Cape Elizabeth in Twin Lights State Park.
Thrilling as it may be discover a new destination, to stumble across unexpected corners of a foreign city, there’s something equally rewarding about returning to the same spot year after year. You build up a relationship with the place, internally noting how it changes with the passing of time. Favorite finds become familiar haunts and neither map nor smartphone is required to navigate them. Eventually, you develop an irrational sense of ownership, as if this town or seashore or patch of woods somehow belongs more to you than to other travelers who know it less intimately.
I do not have many places like this. Part of me is anxious about all the things I haven’t seen and feels guilty about returning to one in particular. It’s the moral equivalent of rereading a beloved book when I could/should be tackling that new nonfiction paperback on my desk.
The exception to the rule is Maine. My family's annual road trip through the state has been repeated so often as to verge on ritual. And while I’m excited to try the new restaurant in town or to see how certain areas have blossomed, I’m also content to stop at the same stretches of coastline that haven’t changed in eons. It feels like a homecoming of sorts, even if it’s to a place I have never lived.
For this past Christmas, at a time when no one in their right mind goes to the beach, my family took a drive up to the shimmering sand flats and bramble-blanketed dunes. We stayed in Portland, which retains a small-town vibe, despite being the largest city in Maine. It’s one of the more delicious places on this planet, with a restaurant-to-population ratio that would shame Paris. And while bare Edison bulbs, exposed brick, ironic tattoos and beards may be in abundance, it’s hard to scream about Brooklynification when the results are this good. Unlike a many places with these trappings, Portland never feels self-conscious about its coolness. There’s a lingering warmth, a refreshing lack of pretension, and a sense of community that makes it all feel genuine rather than trendy.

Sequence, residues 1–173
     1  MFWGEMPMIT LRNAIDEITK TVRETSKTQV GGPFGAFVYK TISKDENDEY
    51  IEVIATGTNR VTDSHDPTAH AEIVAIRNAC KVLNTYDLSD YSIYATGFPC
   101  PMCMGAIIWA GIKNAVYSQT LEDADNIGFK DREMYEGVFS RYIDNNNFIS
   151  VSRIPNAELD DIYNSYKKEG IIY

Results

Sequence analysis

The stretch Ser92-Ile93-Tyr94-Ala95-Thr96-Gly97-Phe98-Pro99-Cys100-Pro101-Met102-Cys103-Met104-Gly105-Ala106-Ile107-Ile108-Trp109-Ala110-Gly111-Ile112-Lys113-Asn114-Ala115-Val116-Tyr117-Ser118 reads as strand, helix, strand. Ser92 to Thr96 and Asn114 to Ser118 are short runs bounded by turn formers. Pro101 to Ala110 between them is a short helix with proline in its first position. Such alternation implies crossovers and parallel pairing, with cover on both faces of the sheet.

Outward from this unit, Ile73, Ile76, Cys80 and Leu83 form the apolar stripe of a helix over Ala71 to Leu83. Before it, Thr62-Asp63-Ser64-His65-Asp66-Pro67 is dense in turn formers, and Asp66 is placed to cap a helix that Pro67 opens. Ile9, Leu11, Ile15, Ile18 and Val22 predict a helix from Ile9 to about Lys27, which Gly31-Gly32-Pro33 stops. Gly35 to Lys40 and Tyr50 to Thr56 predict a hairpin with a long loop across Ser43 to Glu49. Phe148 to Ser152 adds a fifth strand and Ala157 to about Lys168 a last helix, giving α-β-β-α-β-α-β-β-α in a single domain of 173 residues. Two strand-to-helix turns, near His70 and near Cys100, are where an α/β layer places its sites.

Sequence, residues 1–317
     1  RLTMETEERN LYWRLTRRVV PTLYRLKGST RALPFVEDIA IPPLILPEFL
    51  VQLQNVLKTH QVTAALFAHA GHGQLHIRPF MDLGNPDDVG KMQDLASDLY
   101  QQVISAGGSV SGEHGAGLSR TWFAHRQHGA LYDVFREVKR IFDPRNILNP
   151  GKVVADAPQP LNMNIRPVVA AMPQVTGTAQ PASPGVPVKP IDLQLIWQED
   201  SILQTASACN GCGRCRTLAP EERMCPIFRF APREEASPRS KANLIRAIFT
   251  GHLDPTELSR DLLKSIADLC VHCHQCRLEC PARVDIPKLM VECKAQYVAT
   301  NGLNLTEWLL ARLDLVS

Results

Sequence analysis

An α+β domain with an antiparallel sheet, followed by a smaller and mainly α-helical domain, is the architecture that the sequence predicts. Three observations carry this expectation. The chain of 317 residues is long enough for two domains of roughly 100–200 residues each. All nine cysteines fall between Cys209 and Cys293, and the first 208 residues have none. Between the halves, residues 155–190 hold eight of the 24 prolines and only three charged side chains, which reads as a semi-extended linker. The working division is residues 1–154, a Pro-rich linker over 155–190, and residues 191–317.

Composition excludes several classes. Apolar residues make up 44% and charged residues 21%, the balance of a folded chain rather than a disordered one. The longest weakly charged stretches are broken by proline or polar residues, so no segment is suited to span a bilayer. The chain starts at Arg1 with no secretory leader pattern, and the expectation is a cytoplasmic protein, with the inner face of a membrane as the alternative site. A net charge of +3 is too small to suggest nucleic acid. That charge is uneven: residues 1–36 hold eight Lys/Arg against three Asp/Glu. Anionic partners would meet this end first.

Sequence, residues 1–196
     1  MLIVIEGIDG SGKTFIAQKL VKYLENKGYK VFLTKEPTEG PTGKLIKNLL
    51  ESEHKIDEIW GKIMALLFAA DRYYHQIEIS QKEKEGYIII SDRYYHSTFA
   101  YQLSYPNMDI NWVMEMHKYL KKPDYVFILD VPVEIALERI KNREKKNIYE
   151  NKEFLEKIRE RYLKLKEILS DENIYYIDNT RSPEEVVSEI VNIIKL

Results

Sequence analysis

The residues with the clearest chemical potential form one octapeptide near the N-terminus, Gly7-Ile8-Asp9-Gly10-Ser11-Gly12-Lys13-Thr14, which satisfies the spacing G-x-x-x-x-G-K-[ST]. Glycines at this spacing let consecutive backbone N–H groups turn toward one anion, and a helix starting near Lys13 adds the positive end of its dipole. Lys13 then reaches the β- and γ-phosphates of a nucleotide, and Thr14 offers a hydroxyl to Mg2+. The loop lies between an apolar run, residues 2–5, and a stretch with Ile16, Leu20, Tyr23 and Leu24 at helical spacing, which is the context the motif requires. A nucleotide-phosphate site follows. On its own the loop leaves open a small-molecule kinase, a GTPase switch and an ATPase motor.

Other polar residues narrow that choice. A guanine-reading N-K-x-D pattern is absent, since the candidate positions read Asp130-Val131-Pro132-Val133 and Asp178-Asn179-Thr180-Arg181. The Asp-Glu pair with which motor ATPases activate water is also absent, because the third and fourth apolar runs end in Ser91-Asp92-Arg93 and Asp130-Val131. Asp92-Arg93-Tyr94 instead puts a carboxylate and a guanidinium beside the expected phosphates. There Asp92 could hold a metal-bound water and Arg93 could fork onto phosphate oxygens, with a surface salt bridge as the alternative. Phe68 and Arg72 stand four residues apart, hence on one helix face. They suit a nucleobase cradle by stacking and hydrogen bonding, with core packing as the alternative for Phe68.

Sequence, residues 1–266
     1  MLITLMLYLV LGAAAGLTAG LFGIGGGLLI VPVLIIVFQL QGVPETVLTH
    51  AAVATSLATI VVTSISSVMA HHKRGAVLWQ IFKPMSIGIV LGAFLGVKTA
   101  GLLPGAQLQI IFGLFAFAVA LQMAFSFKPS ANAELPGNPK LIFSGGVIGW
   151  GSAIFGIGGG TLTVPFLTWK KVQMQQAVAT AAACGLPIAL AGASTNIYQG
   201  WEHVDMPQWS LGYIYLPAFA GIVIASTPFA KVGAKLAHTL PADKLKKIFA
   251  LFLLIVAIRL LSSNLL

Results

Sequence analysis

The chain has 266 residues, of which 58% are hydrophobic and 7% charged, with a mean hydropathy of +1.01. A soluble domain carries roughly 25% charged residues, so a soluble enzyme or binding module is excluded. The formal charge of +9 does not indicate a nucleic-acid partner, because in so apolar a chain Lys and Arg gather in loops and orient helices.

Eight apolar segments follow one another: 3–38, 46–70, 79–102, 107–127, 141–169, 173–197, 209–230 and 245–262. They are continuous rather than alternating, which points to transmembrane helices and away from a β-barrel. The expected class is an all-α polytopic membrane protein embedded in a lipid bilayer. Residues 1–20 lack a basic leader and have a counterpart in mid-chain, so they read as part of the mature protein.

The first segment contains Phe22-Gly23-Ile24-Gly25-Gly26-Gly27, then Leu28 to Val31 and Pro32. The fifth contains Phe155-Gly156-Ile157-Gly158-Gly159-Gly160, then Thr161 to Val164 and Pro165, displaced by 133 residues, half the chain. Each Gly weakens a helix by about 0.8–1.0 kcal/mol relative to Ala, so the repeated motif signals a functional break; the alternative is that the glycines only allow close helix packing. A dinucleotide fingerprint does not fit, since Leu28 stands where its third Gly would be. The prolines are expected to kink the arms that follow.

Even in December, Maine's coast is shamelessly photogenic.
The fact that a great many Bostonians will drive to this restaurant for dinner tells you a lot. That virtually all of the staff have stuck around since the joint launched more than a decade ago says even more. Seasonal, local and mostly cooked in a roaring, open hearth, meals here are the kind that guests end up gushing over months or even years later. On this latest visit, duckling cooked two ways—rare seared breast and confit leg—and a deceptively simple-sounding bluefish with potato gratin were standouts. The roasted mussels swimming in lemon-almond butter never leave the menu and they never should.
Savory loaves like these at Standard Baking Co. also feature at Fore Street.
These people work miracles with butter, sugar and gluten. Artisanal breads with crackling crusts, ethereal morning glory buns, crumbly scones studded with tart blueberries—I dare anyone to walk in the door and not leave cradling bags of carb-laden goodness.
All interior shots were too much of a blurry, grainy, whiskey-soaked mess.
Though this list is mostly dedicated to old favorites, I liked this newcomer so much that I decided to add it. The inventive small plates earned it a recent James Beard nomination and the drinks are pretty perfect. What won me over though was the staff, who were as friendly as could be despite the line out the door.
I want everything.
I’m more likely to splurge on a Le Creuset or a Japanese rice cooker than shoes, and this store is my kryptonite. They have every kitchen gadget a cooking geek could ever want and I’ve never, ever managed to leave empty handed.
Creative genre titles include this and and "not nonfiction."
Independent, well-run English-language bookstores are one of the things I miss most about my country. Sherman’s, both here and in Bar Harbor up the coast, is the kind of place where the staff have extensive recommendations on just about any genre.
Absurd as its premise might sound, this shop dedicated exclusively to salt is fun to browse. Aside from every sort of flavored salt imaginable, there are salt-centric cookbooks, salt slabs for cooking, sculptures, knick-knacks and an entire room full of glowing salt lamps. Should you need a gift for the amateur chef, yoga teacher or weird aunt (or yourself. Some of this stuff is pretty cool) in your life, but aren't planning a trip to Portland, you can always check out their online store.
I should preface this by saying the last time I ate doughnuts for breakfast was over a decade ago. These tender potato fritters are a far cry from your standard Krispy Kremes though. We ordered sweet potato-ginger, toasted coconut, cranberry-glazed and maple-bacon (my personal favorite)... which lasted less than 15 minutes. The doughnuts themselves are barely sweet, which helps balance out the sugary glaze. Though the place was absolutely mobbed when we visited, the staff couldn't have been friendlier. I wrote more about this here.